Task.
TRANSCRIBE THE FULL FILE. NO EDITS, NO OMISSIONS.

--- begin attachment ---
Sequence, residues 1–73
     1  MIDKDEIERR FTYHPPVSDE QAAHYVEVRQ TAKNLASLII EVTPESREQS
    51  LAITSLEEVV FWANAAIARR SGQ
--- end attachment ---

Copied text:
Sequence, residues 1–73
     1  MIDKDEIERR FTYHPPVSDE QAAHYVEVRQ TAKNLASLII EVTPESREQS
    51  LAITSLEEVV FWANAAIARR SGQ